Tag Archives: windward

Presenting the Tied Hybrid system: can it work?

I’ve been pondering new sails for Tammy Norie for some time. My goals are to increase performance in light winds and improve upwind performance while keeping things simple, strong, and maintainable. I believe that I’ll need to increase sail area and add camber to my sails to achieve this. I’ve briefly described various methods in my earlier post New Sails for Tammy Norie . I had more-or-less settled on an HHH system for simplicity and maintainability.

On Friday I was looking at figure 10.2 from Practical Junk Rig showing how to attach the sail to the yard.

Figure 10.2 from Practical Junk Rig

Figure 10.2 from Practical Junk Rig

Then it struck me: why not attach all the panels to the battens with string? One weekend-long brainstorm later, and I present to you the Tied Hybrid system for Junk Rigs.

Tied Hybrid sketch

Tied Hybrid sketch

The idea is simple: cut the main panels flat with reinforced seams with eyelets. Then tie the panels to the battens with loops of cord. By adjusting the lengths of the loops you can adjust the camber of the sail in pretty much any way you like. Sprung cord locks allow you to do this easily, but you can of course use stopper knots. If the battens are smooth stainless steel tubes then the loops will slip round easily when tacking, flipping the sail camber to the other side.

In addition, it’s a simple matter to make split panels and get a split junk rig with jiblets. It wouldn’t even be very hard to carry both split and full-length panels on a voyage for different conditions. Since all the panels are the same you can get a lot of flexibility.

This is so simple that I have trouble believing that it hasn’t been tried and somehow failed. I’ll be interested in feedback from the members of the Junk Rig Association about that. If it hasn’t been done then I’ll definitely be giving it a go. It should be easy and cheap to construct, and allow for a lot of research into sail trim.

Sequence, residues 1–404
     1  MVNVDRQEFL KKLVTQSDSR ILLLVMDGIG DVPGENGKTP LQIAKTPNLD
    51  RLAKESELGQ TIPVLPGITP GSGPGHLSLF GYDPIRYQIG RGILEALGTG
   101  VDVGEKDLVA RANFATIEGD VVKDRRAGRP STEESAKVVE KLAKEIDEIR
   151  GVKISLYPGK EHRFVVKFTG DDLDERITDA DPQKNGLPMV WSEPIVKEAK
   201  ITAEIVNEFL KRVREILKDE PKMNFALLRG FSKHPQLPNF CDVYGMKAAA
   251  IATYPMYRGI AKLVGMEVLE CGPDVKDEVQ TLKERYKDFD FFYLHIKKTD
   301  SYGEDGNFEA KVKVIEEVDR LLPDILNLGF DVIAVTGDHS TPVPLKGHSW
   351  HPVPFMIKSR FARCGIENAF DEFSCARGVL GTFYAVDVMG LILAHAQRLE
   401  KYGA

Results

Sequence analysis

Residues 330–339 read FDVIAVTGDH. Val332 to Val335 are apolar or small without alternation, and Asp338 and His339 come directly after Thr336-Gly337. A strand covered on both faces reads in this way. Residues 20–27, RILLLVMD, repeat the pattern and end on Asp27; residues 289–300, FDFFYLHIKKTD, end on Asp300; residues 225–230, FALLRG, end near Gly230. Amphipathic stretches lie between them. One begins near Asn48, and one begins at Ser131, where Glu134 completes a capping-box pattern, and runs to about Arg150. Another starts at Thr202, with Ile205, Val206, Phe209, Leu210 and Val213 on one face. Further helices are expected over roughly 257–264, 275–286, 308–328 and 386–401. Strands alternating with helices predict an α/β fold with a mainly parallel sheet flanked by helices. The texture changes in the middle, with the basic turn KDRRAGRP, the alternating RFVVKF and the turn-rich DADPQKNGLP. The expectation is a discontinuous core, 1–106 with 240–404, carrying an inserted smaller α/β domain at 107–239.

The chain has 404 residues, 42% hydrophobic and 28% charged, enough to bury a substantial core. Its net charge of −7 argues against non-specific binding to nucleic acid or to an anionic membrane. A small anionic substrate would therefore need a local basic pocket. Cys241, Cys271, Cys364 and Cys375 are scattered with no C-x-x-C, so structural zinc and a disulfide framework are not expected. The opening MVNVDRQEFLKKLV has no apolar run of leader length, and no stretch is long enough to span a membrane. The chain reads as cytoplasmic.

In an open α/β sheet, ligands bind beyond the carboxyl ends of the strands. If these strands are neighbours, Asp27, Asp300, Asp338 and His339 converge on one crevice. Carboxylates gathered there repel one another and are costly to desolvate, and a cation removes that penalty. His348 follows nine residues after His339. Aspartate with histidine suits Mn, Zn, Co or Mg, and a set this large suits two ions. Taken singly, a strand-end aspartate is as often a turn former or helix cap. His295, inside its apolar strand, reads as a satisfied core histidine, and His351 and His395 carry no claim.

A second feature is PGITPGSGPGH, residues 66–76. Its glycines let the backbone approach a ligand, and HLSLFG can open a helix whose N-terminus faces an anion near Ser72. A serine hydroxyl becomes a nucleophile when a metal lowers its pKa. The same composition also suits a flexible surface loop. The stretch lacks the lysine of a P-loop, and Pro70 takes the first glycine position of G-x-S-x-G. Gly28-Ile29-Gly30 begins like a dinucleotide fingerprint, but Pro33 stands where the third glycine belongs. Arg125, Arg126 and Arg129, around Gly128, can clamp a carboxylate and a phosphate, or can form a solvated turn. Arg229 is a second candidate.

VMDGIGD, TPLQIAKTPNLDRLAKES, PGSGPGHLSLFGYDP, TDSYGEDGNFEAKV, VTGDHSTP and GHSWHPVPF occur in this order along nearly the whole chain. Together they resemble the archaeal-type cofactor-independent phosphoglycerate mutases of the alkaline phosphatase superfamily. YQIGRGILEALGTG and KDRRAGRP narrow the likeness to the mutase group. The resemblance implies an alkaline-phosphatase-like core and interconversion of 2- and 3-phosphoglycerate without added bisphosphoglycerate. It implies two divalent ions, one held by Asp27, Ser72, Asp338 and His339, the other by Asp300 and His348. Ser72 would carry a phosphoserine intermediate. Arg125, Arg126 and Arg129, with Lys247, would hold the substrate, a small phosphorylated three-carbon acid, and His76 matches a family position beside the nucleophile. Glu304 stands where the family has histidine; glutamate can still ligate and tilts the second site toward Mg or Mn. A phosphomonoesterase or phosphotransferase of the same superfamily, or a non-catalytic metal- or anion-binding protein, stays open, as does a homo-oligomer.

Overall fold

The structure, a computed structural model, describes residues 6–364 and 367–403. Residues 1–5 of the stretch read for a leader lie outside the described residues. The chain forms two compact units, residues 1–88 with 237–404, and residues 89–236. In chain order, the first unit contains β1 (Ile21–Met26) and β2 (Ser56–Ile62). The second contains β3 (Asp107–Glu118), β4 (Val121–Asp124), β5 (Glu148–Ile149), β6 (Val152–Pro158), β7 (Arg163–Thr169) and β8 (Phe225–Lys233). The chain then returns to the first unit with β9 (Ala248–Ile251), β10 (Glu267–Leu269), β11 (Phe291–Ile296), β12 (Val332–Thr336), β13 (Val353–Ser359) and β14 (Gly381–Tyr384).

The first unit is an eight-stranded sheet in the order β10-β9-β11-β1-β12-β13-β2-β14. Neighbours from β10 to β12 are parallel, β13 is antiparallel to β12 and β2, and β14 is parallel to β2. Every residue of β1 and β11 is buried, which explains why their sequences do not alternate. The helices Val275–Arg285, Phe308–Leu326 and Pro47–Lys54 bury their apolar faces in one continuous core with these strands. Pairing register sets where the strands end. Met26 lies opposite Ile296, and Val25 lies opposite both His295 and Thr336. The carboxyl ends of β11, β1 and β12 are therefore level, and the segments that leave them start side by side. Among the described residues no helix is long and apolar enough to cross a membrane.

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Filed under Plans, Repairs and Modifications, sail

Windbound at Wells

Last Saturday I attempted to sail from Wells-next-the-Sea to King’s Lynn as the first step of my plan to bring Tammy Norie to Cambridge. The weather wouldn’t let me.

I left Cambridge at 06:35 carrying a sheet of 6mm exterior plywood that I planned to use for improving deck fittings, and reached Wells just after 09:00.

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I bought Imray chart Y9 of the Wash, paid the harbour and dropped some money in the charity trust box as promised. I spent some time preparing Tammy and chatting to my neighbours on the pontoon — mostly motor cruisers who felt it was too rough to go out. Indeed, on my way out and over the bar I met four scurrying in, several of them ignoring the cardinal and channel buoys in their hurry to get out of the waves.

It was a bit choppy. The wind was westerly force 6 and the waves were short and high with quite a few breaking at the Wells bar. Once out past the cardinal it wasn’t too bad, but once again Tammy failed to make any progress to windward in the short sea. I made an hour-long tack northwards, trying everything I could to make progress, but when I tacked back to see how I was doing I found I’d actually slipped downwind about a quarter of a mile.

The wind was only forecast to get worse. It was clear I wasn’t going to get to King’s Lynn at all, and that it would be dangerous to have Hunstanton on the lee in such conditions. I could run back to Sea Palling and abandon my Cambridge plans, or I could scurry back in to Wells.

At this point I was a bit worried about Wells. On the way out I’d noted I had over 3m of water in the channel, and since then the tide had peaked and dropped a metre below that, so I ought to have 2m going in, if I was quick. But the tide was falling all the time and if I made a mistake I could be in quite a bit of trouble.